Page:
But before being able to board the ferry around lunch time Friday, June 22, I first had to successfully pass U.S. Immigration on Canadian ground in order to be allowed back into the U.S., i.e. Alaska. And that was, as expected, not completely without any trouble. I was in the U.S. on a training visa during my internship with Siemens – and left the U.S. when I flew into Calgary, Canada. However, for officially being eligible for another entry into the U.S. as whatever, I would normally have needed either a Visitor visa (which I possibly could have gotten in Calgary, but it would have been both expensive and time-consuming), or I would have had to leave North America completely, i.e. fly into North America from a non-North American airport. Anyway, I was lucky that the border officer did only check my Siemens internship visa which expired in January already and therefore he probably assumed that I was back in Germany between January and June – the document indicating that my visa was extended (as my internship in the States was extended) I did not actually show him, and well, as he did not ask about it… So, he just told me that I do not actually qualify for the 90 day tourist visa waiver through which I can enter the U.S. as German citizen, however, he will make a one-time exception. Good that I played the lost German, how has never heard anything about U.S. visas in his life before, and just wants to cycle from Calgary to Anchorage… Funny story there as well: he asked me where I am going to go from Prince Rupert… so I explained him that I will take the ferry to Juneau and cycle from there to Anchorage… stupidly enough I did not mention that I will also have to take a ferry from Juneau to Haines (short ferry in order to actually get back onto roads – as Juneau can only be reached by air or by water) – and that made him, well, me, even more suspicious. But as I could at least prove my intentions to leave the U.S. again by showing him my flight ticket out of Anchorage, I was left back into that country that seems to be so afraid of having illegal immigrants… always amazing.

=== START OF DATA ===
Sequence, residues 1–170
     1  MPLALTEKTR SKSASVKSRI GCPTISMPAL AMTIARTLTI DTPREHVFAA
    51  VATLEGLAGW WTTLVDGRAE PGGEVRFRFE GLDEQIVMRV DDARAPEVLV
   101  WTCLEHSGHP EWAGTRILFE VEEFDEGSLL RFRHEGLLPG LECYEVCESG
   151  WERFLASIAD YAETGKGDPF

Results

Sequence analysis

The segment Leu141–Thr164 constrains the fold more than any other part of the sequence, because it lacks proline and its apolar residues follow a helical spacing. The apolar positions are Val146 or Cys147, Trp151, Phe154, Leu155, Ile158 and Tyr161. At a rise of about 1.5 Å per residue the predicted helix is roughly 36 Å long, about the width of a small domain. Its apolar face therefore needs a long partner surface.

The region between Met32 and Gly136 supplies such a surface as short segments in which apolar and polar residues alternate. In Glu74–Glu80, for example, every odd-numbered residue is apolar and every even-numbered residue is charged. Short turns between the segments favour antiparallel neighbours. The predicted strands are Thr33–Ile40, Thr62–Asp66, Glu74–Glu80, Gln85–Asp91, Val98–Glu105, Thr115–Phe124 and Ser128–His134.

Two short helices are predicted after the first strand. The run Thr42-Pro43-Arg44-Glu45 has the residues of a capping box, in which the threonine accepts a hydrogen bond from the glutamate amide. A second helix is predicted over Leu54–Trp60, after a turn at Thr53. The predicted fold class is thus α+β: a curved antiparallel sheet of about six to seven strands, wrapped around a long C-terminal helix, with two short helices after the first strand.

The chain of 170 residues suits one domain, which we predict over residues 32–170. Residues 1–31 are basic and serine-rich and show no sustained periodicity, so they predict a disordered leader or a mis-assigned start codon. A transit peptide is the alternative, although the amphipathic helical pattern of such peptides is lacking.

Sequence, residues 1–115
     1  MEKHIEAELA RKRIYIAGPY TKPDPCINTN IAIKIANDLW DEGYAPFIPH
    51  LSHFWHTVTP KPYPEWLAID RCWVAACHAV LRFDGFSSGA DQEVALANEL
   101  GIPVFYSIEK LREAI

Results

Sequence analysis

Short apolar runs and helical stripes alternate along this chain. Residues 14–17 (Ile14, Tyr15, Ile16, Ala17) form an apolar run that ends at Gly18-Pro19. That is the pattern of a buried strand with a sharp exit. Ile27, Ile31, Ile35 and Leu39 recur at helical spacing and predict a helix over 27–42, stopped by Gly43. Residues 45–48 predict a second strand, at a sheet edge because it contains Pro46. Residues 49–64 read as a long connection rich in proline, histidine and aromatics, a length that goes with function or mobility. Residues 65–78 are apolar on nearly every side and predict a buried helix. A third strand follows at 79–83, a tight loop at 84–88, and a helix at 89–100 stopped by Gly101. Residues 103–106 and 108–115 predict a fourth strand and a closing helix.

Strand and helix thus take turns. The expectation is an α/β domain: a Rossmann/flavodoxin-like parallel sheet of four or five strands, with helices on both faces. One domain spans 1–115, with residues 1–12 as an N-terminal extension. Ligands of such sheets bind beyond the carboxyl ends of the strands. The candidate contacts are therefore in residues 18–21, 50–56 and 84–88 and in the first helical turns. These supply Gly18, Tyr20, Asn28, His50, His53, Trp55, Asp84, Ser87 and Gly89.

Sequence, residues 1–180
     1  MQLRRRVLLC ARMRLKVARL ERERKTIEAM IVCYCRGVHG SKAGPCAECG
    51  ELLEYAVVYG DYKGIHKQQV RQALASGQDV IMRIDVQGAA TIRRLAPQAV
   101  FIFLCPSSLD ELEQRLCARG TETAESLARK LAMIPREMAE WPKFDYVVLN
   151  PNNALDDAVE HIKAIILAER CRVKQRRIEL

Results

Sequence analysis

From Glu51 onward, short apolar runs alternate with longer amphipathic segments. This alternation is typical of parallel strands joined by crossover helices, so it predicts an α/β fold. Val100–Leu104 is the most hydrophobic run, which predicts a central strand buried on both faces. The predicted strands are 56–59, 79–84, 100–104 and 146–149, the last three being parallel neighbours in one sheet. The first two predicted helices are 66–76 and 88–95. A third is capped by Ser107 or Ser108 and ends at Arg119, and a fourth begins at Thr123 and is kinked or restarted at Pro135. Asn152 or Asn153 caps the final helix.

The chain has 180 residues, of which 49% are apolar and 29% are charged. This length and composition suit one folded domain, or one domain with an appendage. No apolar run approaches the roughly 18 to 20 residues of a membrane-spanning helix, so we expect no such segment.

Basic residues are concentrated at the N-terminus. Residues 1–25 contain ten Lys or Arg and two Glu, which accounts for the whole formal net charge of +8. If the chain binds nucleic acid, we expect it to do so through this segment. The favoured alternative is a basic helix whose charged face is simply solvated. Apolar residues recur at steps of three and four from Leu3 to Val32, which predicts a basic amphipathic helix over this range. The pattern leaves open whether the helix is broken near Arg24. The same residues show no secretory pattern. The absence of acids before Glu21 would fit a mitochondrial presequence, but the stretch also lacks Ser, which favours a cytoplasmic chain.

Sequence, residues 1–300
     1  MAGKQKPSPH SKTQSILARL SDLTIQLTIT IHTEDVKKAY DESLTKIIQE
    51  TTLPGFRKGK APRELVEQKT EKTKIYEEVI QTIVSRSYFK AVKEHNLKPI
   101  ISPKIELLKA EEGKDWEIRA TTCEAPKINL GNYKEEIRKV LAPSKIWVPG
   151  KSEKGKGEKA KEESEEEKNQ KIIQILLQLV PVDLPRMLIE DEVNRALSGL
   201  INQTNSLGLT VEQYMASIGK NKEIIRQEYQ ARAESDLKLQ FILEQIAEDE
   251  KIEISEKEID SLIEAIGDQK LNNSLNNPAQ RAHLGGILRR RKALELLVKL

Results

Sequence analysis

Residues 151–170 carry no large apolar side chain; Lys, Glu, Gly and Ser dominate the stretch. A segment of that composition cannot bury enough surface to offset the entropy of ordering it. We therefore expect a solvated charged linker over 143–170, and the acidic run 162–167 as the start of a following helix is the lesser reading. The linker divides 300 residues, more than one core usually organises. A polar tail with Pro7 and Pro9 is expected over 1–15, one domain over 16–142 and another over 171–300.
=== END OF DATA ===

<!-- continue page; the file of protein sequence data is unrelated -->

So, well, anyway, I got onto the ferry, “parked” my bike together with many other cars, and found myself a comfortable chair on deck – where I would be for the next 35 hours. I thought the ferry ride would be less than 24 hours, but that’s where I was wrong – but it didn’t matter. I just relaxed and enjoyed. I read almost an entire book, I ate way too much food, I watched strange movies which they showed from time to time, I listened to interesting presentations about some things connected to Alaska. Wildlife, geography, the tempered rainforest. And, above all: I enjoyed the beauty of the inside passage. Not only was the weather on Friday pretty good (Saturday not so much), it was also wonderful to see all these mountain ranges, forests, the water, eagles, and… whales! I don’t think I ever saw whales outside zoos/aquariums.